and at the other end of the kitchen/lounge area, but it probably
involves reading the instruction manual :-)
--
hugh
It may be more complicated but is it better?

  #4 (permalink)  
Old October 2nd 09, 10:20 PM posted to uk.rec.caravanning
bill lord
external usenet poster
 
Posts: 2,533
Default Aerial Signal Strength Meter

On Fri, 2 Oct 2009 17:33:21 +0100, hugh ] wrote:

In message , bill lord
writes
On Fri, 2 Oct 2009 14:47:42 +0100, hugh ] wrote:

Has anyone found one of the above suitable for use with Status boosted
aerials?

I have just bought one from Maplins only to find it is not compatible
with boosted aerials.
Maplins product code A55JB

I bought one that is similar to the mplins one that works by lighting
LEDs progressively as the signal gets stronger, and yes it works with
the boosted status multidirectional aerial ( not much use though as
there is no way to improve the signal. It works a treat if the signal
is good as you can identify the place where the signal moves up into
higher level LED displays, but if the signal is weak then you can turn
the aerial around all you want and all you get is just 1 LED lit. I
used it and thought that an analogue meter would have been better and
saw one in Maplins but on reading the blurb it says it is only
suitable to identify signals between 70 and 80db, where the LED
version I have ranges from 50 to 90db and since that meter frequently
only lights up the one led suggestiong a signal strength of between 50
and 60db I doubt the analogue meter would do anything at all.
Bill Lord
I've taken a vow of poverty To annoy me send money

e-mail messages to bill dot lord at uku dot co dot uk
( Get rid of the spaces and use symbols for the hyphen at and dots )



Thanks Bill. I have the same type of aerial. What make was your meter.

Having bought a digital TV I could probably just use the signal strength
indicator on that, except the aerial is on the opposite side of the van
and at the other end of the kitchen/lounge area, but it probably
involves reading the instruction manual :-)


THe meter is a labgear one, and I still use the www.wolfbane.co.uk
site to get the direction for the transmitters before I go it is still
the best way to go.
Bill Lord
I've taken a vow of poverty To annoy me send money

e-mail messages to bill dot lord at uku dot co dot uk
( Get rid of the spaces and use symbols for the hyphen at and dots )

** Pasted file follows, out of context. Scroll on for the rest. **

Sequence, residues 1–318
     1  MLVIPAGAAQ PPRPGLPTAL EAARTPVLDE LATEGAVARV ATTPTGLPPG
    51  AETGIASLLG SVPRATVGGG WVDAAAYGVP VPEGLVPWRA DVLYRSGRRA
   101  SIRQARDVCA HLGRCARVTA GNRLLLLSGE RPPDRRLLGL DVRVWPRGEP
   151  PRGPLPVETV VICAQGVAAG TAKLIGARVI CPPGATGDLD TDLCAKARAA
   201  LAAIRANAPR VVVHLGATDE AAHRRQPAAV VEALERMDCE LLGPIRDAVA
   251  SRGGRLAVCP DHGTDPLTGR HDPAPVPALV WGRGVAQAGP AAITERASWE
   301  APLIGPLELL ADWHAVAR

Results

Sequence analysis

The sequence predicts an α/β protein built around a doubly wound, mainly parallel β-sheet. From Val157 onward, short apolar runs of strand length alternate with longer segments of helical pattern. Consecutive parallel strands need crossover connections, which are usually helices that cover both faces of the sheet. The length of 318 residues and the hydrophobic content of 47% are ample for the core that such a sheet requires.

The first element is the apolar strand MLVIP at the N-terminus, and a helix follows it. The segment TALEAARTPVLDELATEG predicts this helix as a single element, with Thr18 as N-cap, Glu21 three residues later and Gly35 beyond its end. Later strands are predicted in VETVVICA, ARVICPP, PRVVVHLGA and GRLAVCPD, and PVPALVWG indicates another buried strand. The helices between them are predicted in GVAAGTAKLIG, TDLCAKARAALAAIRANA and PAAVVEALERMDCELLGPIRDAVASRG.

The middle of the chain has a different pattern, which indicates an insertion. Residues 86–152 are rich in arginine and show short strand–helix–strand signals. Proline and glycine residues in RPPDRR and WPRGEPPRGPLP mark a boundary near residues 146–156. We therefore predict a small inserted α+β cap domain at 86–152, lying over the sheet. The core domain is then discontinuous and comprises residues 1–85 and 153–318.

#5 (permalink)  
Old October 3rd 09, 04:43 AM posted to uk.rec.caravanning
Neil Pearson
external usenet poster
 
Posts: 3
Default Aerial Signal Strength Meter

That is exactly what I do. I have all the TV transmitters in my mapping
program. Know the polarity and co-ordinates of the TV transmitter. When I
arrive, plot a course from my position to the TV transmitter and with my
true bearing compass in my GPS align the TV aerial to the TV transmitter. I
know prior to setting up if I will get a picture or not. I don't do hit and
miss and mess around. If slim to no chance of a terrestrial signal I opt
for the satellite TV.



"bill lord" wrote in message
...
THe meter is a labgear one, and I still use the www.wolfbane.co.uk
site to get the direction for the transmitters before I go it is still
the best way to go.
Bill Lord
I've taken a vow of poverty To annoy me send money

e-mail messages to bill dot lord at uku dot co dot uk
( Get rid of the spaces and use symbols for the hyphen at and dots )



  #6 (permalink)  
Old October 3rd 09, 10:53 AM posted to uk.rec.caravanning
bill lord
external usenet poster
 
Posts: 2,533
Default Aerial Signal Strength Meter

On Sat, 03 Oct 2009 04:43:03 GMT, "Neil Pearson"
wrote:

If slim to no chance of a terrestrial signal I opt
for the satellite TV.


If I am in that situation then I take what is available, there is
little on the TV at any time that is unmissable so all that I really
want it for is the news and weather once a day. The rest of the time
if we want to watch something it will be a DVD.

Bill Lord
I've taken a vow of poverty To annoy me send money

e-mail messages to bill dot lord at uku dot co dot uk
( Get rid of the spaces and use symbols for the hyphen at and dots )